The whole story of the Jamestown Colony and Powhatan and his brother are incredibly fascinating...so much more interesting than what everybody accepts as the real story. As is often the case with history, yes? :)

If you like fiction about strong women, you might want to check out my books. Hatshepsut was the first confirmed woman to rule ancient Egypt as Pharaoh (not just as a lone queen.) I'd link, but there might be rules against that in this group...not sure.

I'll check out yours once I have some free reading time!


message 10: by Debra (new)

Debra Brown (debrabrown) | 957 comments Mod
Feel free to link.


message 11: by Ed (new) - rated it 5 stars

Ed Morawski | 22 comments Oh thanks! Hatshepsut sounds good.
Ed


Libbie Hawker (L.M. Ironside) (lmironside) | 31 comments Thanks, Debra! Okay, here are links to my books about some smart real women from history: The Sekhmet Bed and The Crook and Flail.

Just out of curiosity, because I think I like the research part of writing historical fiction the best...what resources did you use for your novel? Are there any good biographies of Malinalli out there, or did you have to put on your detective hat and piece it together from various sources?


message 13: by Ed (new) - rated it 5 stars

Ed Morawski | 22 comments I used many, many sources. But when researching La Malinche there are basically only three principal sources:
‘The True History of the Conquest of Mexico’ by Bernal Diaz
Cortés’ Five Letters to the King of Spain
‘The Aztecs speak - an Aztec account of the Conquest of Mexico’ taken from the Codex Florentino.

To a much lesser extent there is Francisco de Gomara's biography of Cortés, which by most scholars is considered extremely flawed..

Each of these sources has its issues.
The Codex Florentino is actually a translation of Aztec hieroglyphics (they had no written language) by Spanish monks and as such may have extensive errors in meaning, although most of this account corresponds closely to the account by Diaz. A thorough reading of this document would also lead one to believe it is often exaggerated, so taking a grain of salt with it is advisable.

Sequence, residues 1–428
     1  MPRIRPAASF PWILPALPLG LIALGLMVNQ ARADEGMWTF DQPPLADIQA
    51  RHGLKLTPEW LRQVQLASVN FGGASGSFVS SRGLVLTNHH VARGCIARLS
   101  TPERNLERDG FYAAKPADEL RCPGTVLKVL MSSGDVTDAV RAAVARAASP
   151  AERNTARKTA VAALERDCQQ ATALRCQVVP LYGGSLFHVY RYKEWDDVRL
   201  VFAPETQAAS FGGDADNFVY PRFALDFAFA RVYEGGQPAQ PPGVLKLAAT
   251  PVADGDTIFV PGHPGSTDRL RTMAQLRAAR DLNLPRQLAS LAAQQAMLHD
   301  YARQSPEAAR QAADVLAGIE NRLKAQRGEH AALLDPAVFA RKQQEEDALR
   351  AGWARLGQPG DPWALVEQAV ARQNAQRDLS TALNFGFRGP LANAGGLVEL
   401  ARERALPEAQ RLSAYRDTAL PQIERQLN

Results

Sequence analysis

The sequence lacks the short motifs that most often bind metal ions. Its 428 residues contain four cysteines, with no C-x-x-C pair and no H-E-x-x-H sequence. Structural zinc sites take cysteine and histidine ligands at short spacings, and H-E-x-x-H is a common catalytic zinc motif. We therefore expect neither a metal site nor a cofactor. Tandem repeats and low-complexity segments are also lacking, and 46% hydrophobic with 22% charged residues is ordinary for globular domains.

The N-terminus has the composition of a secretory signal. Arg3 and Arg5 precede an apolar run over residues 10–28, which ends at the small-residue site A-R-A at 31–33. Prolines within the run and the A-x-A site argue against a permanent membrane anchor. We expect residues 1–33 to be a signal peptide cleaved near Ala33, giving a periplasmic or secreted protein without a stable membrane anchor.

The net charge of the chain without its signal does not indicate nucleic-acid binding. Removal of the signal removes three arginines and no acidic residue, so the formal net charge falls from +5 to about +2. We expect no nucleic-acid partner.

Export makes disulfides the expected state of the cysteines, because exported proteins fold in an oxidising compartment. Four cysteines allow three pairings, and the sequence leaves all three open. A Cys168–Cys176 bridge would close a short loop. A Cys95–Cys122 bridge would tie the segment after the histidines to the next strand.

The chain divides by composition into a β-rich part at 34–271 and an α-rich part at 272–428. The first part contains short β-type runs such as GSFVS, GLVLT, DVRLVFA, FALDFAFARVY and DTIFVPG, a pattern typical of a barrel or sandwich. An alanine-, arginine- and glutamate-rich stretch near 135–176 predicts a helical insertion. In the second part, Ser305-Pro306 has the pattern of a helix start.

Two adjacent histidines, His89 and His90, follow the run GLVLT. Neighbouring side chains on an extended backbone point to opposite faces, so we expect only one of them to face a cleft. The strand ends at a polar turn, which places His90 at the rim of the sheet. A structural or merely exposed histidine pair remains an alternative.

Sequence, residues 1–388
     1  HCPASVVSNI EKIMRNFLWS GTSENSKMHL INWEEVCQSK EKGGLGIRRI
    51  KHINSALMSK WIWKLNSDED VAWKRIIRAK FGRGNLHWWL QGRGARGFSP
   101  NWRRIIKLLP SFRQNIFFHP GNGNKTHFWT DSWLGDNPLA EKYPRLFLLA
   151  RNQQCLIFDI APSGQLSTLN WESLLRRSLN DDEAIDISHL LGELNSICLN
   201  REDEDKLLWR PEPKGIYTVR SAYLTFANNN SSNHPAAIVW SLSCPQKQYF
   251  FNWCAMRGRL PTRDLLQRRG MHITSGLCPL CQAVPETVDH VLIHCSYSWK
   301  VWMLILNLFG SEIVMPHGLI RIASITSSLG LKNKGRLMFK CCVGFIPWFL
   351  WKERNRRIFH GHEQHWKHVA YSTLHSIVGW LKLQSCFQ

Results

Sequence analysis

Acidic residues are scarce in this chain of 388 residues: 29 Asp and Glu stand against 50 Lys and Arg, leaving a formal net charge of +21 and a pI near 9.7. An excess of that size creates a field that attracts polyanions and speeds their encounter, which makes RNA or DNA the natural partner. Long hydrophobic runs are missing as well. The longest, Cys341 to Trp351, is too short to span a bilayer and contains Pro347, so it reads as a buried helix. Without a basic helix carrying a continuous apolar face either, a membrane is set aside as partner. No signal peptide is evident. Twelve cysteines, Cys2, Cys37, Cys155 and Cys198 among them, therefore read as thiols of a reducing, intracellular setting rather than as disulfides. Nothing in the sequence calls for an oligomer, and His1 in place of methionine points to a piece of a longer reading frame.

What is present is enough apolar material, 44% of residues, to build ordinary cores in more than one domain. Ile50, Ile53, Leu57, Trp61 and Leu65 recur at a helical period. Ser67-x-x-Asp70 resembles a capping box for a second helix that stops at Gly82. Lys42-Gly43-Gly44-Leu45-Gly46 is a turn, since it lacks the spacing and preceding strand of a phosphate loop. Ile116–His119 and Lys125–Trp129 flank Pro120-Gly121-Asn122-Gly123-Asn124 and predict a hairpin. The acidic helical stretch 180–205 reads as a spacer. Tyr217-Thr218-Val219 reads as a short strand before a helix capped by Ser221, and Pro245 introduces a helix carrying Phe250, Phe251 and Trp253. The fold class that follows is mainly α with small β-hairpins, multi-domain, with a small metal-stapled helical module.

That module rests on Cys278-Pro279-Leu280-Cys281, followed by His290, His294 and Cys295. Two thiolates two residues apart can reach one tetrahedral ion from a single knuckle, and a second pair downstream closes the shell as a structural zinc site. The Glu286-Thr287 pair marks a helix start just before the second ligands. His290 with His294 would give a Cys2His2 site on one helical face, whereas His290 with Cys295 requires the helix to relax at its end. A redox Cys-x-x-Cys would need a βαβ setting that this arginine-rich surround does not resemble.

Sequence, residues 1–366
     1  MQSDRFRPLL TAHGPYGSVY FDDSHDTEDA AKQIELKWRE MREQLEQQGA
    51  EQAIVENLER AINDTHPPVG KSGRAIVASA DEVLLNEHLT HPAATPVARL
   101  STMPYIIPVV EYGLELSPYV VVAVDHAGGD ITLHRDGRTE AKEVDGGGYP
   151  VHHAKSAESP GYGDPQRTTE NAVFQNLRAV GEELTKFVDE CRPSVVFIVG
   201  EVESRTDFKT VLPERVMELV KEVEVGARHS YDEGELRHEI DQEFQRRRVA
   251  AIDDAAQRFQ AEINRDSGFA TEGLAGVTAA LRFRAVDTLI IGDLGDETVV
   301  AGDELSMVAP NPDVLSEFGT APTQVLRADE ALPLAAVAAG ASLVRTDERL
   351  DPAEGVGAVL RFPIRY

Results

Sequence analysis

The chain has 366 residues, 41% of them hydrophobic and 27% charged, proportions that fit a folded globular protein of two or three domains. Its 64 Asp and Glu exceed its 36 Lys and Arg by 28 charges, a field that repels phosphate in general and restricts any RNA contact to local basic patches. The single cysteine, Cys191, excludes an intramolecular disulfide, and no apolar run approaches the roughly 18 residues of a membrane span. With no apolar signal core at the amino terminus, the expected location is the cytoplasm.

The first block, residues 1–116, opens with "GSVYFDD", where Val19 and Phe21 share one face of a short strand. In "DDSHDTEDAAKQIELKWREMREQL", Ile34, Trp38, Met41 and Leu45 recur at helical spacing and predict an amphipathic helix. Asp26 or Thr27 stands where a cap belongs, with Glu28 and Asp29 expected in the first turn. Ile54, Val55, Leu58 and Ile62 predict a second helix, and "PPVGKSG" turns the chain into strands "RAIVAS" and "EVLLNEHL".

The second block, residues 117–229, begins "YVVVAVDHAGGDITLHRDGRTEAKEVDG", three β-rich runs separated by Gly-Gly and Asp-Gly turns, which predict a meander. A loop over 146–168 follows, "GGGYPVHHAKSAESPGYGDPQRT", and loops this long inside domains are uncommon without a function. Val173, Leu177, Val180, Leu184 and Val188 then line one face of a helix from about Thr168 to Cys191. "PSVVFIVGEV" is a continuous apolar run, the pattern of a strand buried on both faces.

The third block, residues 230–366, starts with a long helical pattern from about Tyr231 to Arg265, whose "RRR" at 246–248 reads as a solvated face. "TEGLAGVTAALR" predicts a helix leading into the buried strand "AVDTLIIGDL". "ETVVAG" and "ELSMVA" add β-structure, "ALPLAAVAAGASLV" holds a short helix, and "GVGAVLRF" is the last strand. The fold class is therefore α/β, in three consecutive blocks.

It must be remembered that the letters from Cortés to his king were clearly designed to laud himself and flatter the king at the same time. Cortés was in a bitter battle to control New Spain or Mexico over the objections and greed of the Cuban governor Diego Velasquez and so much of what he writes while similar in timeline at least may have embellished some events while omitting others.

Bernal Diaz leaves us with the most complete historical document, but clearly it was written by a naive man some fifty years after the events took place, and appears to view those events from hindsight through rose colored glasses. However, reading between the lines and ignoring some outrageous remarks, this document mostly rings true. The fact that Diaz goes out of his way to call out glaring errors by Gomara, also tends to diminish that work to the point it cannot be taken seriously. But most importantly, Diaz was an eyewitness and participant in the Conquest, and knew both Cortés and La Malinche (Dona Marina / Malinalli) personally so his account must take weight over the others.

Unfortunately La Malinche herself apparently never wrote anything down, or at least nothing in her hand has survived the ages. And all the historians, scholars, and authors who wrote about the Conquest and La Malinche did so hundreds of years after the fact. The truth is, not one of these people knows the truth. There are no other documents available.

So, who do we go to for information on La Malinche?
The only legitimate method would seem to use all three of these sources, cancel out opposing descriptions of events, while considering those views that are in agreement to be factual. It is also important to read between the lines especially in the case of Diaz. Some of the events simply could not have happened the way he describes them and this is borne out by events that occur later or unknown to him. He certainly wrote down what he believed but its doubtful he always knew the actual facts. The best example of this is when Montezuma is held hostage by the Spanish. Diaz constantly writes how content he was with this imprisonment, but later Montezuma conspires with one of Cortés' enemies, Narvaez, to set himself free- so he couldn't have been all that content!

Finally, it is vital to remember that except for the Aztecs, none of the Spanish (including Cortés and Diaz) knew what La Malinche actually said to the Aztecs. Cortés could have told her to tell Montezuma that he (Cortés) was not a god and both Cortés and Diaz would have recorded it that way. However La Malinche could have spoken the opposite in Nahuatl to Montezuma and none of the Spanish would have known!


Libbie Hawker (L.M. Ironside) (lmironside) | 31 comments Crazy...such a complicated but fascinating history.


back to top